The other day I got an email from a friend of mine who is a paramedic in a rural part of the country. She spent most of her Christmas being observed by the on duty crew at her station after she was injured on a call. She’d responded with the local fire service to a call where extrication was needed. During that process, a firefighter whacked her in the head with a metal bar. Before anyone says anything, yes she should have been wearing her helmet. On the other hand, people using heavy implements should be careful where they are swinging them. She ended up with a concussion, but declined to go to the hospital. So, the crew kept her at the station so they could monitor her. Typical of EMS workers, isn’t it?
As an aside, she is definitely NOT one of the females I was talking about in the post about equality. In fact, she’s more typical of the women I’ve worked with in EMS. Tough as nails, does the job, and asks no special favors.
Auto extrication is one of the things we’ve come to expect of the fire service, but it wasn’t always that way. There was a time when EMS services, fire based or not, were expected to do light extrication at MVAs.
Extrication is not exactly rocket surgery. Or at least it wasn’t back before someone decided that cars needed to be made safer. Which they actually did need. When I took my original EMT course (1973) and then second one (1977) auto extrication was part of the curriculum.
One places where I work now includes it in the EMT course, but I think it’s optional. Others don’t even include it.
At one time I had a home made metal cutting tool made from a leaf spring and piece of pipe. I carried that in the ambulance with me for several years and we used it once or twice. That was back in the days when the FD only came to MVAs if there were reports of fire, entrapment, or leaking fluids.
Back then it was all entrapment, but now we differentiate between entrapment and the patient being “pinned”. I’ve done my share of both and been in cars while the FD was cutting around me to get the person out. There was a lot of friction at one time where the FD didn’t want us in the car. Eventually we worked that all out and we now work as a team. The OIC even listens to us when we tell them what we want them to do.
More than once I’ve been in the car disentangling the patients legs or feet while the rescue company is working on the roof or doors.
Popping doors is the most common thing that the FD does, and it can be done with fairly simple hand tools in most cases. We were supposed to wear our helmets when we’re in cars being cut apart, but I used my judgement about that. Judgement in EMS, another vanishing thing.
Which brings me to a story.
Back about 4-5 years ago we were dispatched to an MVA/roll over. This was at the intersection of two streets where traffic didn’t usually go very fast. It was 0530, so traffic was light. Which made me skeptical about the roll over part.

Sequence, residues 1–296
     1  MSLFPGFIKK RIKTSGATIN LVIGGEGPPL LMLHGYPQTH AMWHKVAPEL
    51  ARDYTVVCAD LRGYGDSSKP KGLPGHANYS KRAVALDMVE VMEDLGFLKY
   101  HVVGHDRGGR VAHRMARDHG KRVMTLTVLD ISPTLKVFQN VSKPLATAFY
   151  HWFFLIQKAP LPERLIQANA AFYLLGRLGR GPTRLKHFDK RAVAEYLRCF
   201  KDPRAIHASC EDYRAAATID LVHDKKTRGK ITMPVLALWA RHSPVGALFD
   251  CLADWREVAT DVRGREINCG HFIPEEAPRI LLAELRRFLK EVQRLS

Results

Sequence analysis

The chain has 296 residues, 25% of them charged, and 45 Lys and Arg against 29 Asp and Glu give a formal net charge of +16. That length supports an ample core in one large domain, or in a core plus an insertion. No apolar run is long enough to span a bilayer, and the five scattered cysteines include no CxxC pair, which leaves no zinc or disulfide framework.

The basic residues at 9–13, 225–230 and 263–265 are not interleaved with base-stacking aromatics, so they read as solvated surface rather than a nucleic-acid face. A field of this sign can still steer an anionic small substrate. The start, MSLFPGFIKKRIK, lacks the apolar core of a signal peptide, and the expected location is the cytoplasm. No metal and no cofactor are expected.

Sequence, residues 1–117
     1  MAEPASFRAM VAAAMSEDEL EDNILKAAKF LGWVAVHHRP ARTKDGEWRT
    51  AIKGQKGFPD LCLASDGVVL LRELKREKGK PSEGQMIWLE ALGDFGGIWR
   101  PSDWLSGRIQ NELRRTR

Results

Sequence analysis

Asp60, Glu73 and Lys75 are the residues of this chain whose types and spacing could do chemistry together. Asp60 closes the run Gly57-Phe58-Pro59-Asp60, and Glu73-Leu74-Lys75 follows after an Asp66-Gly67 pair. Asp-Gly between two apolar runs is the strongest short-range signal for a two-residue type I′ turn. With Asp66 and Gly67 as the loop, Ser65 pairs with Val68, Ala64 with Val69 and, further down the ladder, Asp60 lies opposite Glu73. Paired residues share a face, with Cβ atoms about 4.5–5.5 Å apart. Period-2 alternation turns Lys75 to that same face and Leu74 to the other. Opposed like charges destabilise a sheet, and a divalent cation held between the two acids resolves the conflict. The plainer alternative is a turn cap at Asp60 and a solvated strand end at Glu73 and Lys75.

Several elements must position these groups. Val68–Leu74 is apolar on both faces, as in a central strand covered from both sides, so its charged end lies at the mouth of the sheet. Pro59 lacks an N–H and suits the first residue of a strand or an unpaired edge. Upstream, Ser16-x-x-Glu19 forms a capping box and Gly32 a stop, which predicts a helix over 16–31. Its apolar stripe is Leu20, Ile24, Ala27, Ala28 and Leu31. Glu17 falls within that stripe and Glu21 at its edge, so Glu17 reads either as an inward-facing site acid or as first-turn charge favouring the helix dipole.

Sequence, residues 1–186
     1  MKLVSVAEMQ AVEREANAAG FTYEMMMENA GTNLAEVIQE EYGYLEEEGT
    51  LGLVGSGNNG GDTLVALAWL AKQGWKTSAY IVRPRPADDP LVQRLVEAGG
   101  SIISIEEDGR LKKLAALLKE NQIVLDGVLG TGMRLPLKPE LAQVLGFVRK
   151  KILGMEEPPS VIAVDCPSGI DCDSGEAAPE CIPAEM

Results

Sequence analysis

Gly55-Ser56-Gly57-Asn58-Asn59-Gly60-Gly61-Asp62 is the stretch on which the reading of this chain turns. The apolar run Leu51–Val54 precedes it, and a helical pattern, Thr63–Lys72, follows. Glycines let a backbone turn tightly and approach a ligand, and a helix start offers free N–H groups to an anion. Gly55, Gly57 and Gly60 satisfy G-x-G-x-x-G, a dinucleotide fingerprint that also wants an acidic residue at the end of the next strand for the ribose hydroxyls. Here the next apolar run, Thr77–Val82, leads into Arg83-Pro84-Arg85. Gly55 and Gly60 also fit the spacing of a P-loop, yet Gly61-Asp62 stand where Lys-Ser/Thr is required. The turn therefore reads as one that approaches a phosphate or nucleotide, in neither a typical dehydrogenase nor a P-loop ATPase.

We rolled up on scene and sure enough there was a large SUV on its right side. It wasn’t one of those spectacular Hollywood roll overs, though. What had happened was that the SUV was hit on the left side and slid just enough to hit the curb, which caused it to tip on to it’s side. Minimal damage was actually done to the vehicle. The driver wasn’t hurt, but she wasn’t wearing a seat belt so she’d slid down into the passenger side floor well and couldn’t get herself out. She was awake, talking to us, following commands, and moving all of her extremities. She had no real complaints.
Sorta Big City Fire Department rolled up at the same time we did and on the firefighters climbed up on to the left side of the SUV and stuck his head in the window. He told the nice lady that they were going to get them out. Then he reached in, turned the ignition switch off, pulled the keys, and tossed them to the ground. He called for blankets because the fire department was going to cut the windshield to get her out. The rescue company arrived and started to remove their extrication equipment and get ready to go to work.
I watched this with mild amusement. Then I walked to the big tail gate of the SUV and tried the latch. Locked. I was going to ask the fire fighter to find the unlock button, but he was hanging upside down through the window talking to the woman. He couldn’t hear me, or was ignoring me. Either way, he was not going to be any help. So, I walked around the SUV looking down at the street. I spotted the keys and as luck would have it, there was a remote control key fob. One of the buttons had the symbol of an open tail gate. I pressed it and was rewarded with a THUNK! as the lock opened. I pulled the tail gate open and crawled into the SUV.
When I got to the front I introduced myself to the patient and gave her a once over. I also looked up at the upside down fire fighter and said hi. He could not for the life of him figure out how I got in. I asked to have some of my people pass in a back board and C Collar. An EMT climbed in with the stuff and between the two of us we got her on the board and then passed her off to the other EMTS at the back of the SUV. Then she went into the BLS ambulance and off to the hospital.
The guys on the rescue company were very unhappy that they weren’t going to get to cut up a brand new $50,000.00 SUV.
My partner and I got back in the ambulance and drove away.
As I said, most times this job isn’t exactly rocket surgery.